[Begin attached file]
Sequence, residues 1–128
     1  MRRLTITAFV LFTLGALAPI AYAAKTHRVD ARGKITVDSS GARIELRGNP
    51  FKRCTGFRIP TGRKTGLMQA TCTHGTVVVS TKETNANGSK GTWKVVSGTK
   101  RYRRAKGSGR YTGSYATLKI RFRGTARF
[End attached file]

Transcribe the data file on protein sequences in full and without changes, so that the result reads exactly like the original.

Sequence, residues 1–128
     1  MRRLTITAFV LFTLGALAPI AYAAKTHRVD ARGKITVDSS GARIELRGNP
    51  FKRCTGFRIP TGRKTGLMQA TCTHGTVVVS TKETNANGSK GTWKVVSGTK
   101  RYRRAKGSGR YTGSYATLKI RFRGTARF